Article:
Several programmes were initiated, for example the US$50 000 programme that combined efforts of technical and marketing programmes for business and which created a fifthy-acre furniture-related industrial park in the city Gardner.
From the viewpoint of rural development the Northern Tier area project aiming to promote the development of small industries in the State of Massachusetts, the case of 'Third Italy' as well as rural development efforts of Nov'na Studio for Rural Development, the private agency in Slovenia, will be presented here.
Interestingly in this case the displaced people used Law 70 as a tool to try to get their land back from the paramilitaries and the land grab (as the report Elusive Justice shows many elites were heavily invested in this as well). They managed to get the land that had been stolen declared to be their communal land and this has helped them get the state to intervene to restore some if not all of it. Thus another hypothesis about the demand for communal land rights is that this form of property rights, which cannot be sold, may be a better tool for defending the communities against expropriation and elite predation.
As a result of growth of the Latino population in Wayne County, Willie Cartagena, a resident, founded the Hispanic Community Development Center [the Center] in 2002 to provide advocacy in the form of translation/interpretation services and employment assistance to the emerging Latino community. He renovated a former gas station in the southern part of the county with funds from local industries that employ Latinos. In 2005, he became the executive director and established the Center as a non-profit organization with a board of directors and bylaws. The mission of the Center expanded to include community development and resource acquisition, in addition to advocacy.
One of the most depressing parts of this story is that at some point the “left-wing” guerillas of the FARC (Revolutionary Armed Forces of Colombia) appeared to fight against the paramilitaries and elites and immediately kidnapped some of the leaders of the Afro-Colombian communities since they did not want anyone other than themselves organizing the “peasants”. With friends like that who needs enemies?
Benefits From Assessed Value Limits Roughly Aligned With Home Wealth . . . As discussed in the background, Proposition 13’s limits on assessed value growth provide tax relief to many property owners. Figure 5 breaks out this tax relief for homeowners at different income levels. As Figure 5 shows, homeowners’ tax relief generally is proportionate to the market value of their homes, regardless of their income level.
. . . Homeowners, Therefore, Receive the Greatest Dollar Amount of Tax Relief. Because households own more, homes and Proposition 13 tax relief is proportionate to home wealth, the majority of Proposition 13 tax relief (in dollar terms) goes to households. About of tax relief goes to those with incomes higher than $80,000, with the bulk of that relief going to homeowners with incomes in excess of $120,000.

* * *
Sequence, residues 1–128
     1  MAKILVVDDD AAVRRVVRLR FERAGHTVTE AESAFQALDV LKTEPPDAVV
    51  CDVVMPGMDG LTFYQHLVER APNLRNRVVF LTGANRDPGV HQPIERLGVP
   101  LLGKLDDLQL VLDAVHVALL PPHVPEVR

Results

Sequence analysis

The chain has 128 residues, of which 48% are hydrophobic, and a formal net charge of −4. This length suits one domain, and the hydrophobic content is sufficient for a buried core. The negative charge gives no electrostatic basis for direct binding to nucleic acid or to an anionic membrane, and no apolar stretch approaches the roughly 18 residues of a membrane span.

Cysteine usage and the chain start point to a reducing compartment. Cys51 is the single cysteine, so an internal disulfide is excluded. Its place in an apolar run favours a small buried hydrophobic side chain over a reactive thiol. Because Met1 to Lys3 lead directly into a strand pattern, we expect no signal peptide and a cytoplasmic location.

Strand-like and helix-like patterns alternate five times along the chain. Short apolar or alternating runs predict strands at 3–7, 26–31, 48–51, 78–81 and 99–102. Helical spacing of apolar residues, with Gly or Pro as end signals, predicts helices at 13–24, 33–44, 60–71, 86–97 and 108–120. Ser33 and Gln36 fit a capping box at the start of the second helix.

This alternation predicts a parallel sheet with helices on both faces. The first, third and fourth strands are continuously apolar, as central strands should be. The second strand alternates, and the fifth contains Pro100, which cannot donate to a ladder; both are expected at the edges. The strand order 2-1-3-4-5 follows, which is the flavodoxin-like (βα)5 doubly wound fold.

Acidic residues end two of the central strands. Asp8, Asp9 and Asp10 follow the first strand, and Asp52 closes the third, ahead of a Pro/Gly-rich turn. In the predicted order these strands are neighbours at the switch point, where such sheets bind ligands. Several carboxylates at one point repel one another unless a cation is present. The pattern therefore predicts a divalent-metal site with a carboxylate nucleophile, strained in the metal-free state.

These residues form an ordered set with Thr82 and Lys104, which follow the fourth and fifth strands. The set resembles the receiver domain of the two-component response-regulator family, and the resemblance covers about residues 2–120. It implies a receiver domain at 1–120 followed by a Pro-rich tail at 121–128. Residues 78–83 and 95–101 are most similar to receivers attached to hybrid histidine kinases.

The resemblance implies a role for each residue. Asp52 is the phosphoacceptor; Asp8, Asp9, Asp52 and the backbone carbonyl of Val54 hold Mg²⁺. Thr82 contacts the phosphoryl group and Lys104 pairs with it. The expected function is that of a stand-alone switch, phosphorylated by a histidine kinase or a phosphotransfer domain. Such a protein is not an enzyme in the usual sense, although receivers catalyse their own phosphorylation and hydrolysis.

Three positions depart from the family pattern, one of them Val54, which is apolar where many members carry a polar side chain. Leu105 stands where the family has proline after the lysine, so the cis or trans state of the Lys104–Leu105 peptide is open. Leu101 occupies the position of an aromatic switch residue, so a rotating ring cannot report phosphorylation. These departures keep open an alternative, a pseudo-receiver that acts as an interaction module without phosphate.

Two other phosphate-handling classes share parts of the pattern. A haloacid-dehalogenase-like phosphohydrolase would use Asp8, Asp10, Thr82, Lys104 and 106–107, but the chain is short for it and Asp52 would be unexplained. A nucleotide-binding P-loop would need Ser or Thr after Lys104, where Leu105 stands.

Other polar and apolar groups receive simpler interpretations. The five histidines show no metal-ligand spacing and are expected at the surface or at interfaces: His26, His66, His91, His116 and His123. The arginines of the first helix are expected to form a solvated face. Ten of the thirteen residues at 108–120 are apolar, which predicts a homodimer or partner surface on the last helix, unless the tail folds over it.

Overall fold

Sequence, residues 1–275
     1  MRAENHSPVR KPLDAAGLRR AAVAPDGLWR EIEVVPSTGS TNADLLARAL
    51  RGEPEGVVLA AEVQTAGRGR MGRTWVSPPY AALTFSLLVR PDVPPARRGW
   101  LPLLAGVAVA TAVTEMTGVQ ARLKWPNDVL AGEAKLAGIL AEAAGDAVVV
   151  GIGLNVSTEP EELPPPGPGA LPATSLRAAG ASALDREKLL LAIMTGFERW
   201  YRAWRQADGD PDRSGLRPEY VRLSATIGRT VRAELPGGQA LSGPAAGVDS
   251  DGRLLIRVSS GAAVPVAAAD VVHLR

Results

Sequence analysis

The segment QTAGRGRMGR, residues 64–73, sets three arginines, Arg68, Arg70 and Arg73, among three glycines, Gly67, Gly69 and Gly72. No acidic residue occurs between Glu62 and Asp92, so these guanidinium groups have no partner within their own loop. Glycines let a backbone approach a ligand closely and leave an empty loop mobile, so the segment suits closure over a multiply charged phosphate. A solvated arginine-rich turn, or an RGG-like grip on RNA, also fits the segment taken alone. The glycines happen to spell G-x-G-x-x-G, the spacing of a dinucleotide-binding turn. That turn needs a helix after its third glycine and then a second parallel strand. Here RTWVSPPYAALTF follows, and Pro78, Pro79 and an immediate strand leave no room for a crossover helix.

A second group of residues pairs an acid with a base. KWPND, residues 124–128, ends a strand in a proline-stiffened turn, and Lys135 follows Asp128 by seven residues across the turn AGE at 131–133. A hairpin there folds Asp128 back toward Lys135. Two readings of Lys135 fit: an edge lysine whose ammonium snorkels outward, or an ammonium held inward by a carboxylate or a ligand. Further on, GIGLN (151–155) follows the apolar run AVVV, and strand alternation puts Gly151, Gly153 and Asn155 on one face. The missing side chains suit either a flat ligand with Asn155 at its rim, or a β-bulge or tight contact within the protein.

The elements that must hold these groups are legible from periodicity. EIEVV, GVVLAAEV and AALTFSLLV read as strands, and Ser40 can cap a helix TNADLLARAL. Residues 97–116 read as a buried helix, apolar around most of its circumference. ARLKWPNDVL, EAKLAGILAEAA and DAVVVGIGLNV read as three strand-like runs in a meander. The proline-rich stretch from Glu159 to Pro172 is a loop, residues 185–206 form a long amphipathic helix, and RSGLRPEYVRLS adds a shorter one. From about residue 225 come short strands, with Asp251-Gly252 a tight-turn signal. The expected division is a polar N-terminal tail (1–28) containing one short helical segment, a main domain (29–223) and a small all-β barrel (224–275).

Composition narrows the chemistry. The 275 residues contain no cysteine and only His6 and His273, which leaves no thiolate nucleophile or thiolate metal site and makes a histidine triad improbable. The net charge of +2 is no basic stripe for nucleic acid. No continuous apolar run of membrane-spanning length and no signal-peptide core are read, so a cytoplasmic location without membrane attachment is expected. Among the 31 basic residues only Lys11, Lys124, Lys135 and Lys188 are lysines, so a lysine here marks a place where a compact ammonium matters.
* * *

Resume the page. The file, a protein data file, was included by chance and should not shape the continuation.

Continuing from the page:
At this same time, I (Kim Larson) was also a resident of Wayne County teaching at East Carolina University (ECU). For over 30 years, I had worked with Latino families, first in Honduras, as a Peace Corps nurse, and later in eastern North Carolina in a rural migrant health clinic. I had just completed my dissertation on sexual risk behaviors among Latino adolescents, which used ethnographic methods of participant-observation, in-depth interviews, and relevant documents to generate data. I read the local newspaper, The News-Argus, everyday for community events involving the Latino population and kept field notes of the events I attended. On February 28, 2005, the News-Argreported on the formation of the Wayne County Coalition on Latino Child Health through a Community Access to Child Health grant funded by the American Academy of Pediatrics. The announcement invited community members interested in being a part of the coalition to “step forward and agree to participate…” (Moore, 2005, p. 7A).
For homeowners at all income levels, tax relief from Proposition 13 generally is proportionate to the market value of their homes. At the same time, Californians own more homes and own homes of higher value and, therefore, receive the majority of the total dollars of tax relief provided to homeowners by Proposition 13.
What About Renters? Our analysis above focuses on Proposition 13’s benefits for homeowners. Renters, however, also may receive some benefits from Proposition 13. Landlords facing slower increases in their property tax bills may be less inclined to increase rents. The extent to which landlords pass on their tax relief to renters is unclear. Because of this uncertainty, we are unable to quantify these benefits.
Mr. Cartagena and I were among 30 stakeholders who attended the initial coalition meeting. The coalition met monthly for one year and identified three priority health disparities among Latino children and adolescents: poor oral health, excessive accidents and injuries, and adverse sexual health outcomes. As a result of the joint work on the coalition and a mutual interest in improving the health of the Latino community, Mr. Cartagena and I formed a natural partnership that was enhanced by my fluency in Spanish, familiarity with the Latino culture, and health-related experience. The purpose of this paper is to describe partnership formation and capacity building in a community-university engagement model with Latino leaders and university faculty and students in Wayne County, North Carolina.
Property Turnover Has Declined. The share of properties sold each year in California has been on the decline since the passage of Proposition 13. Figure 6 shows that 16 percent of properties were sold in . This share declined to only 5 percent in .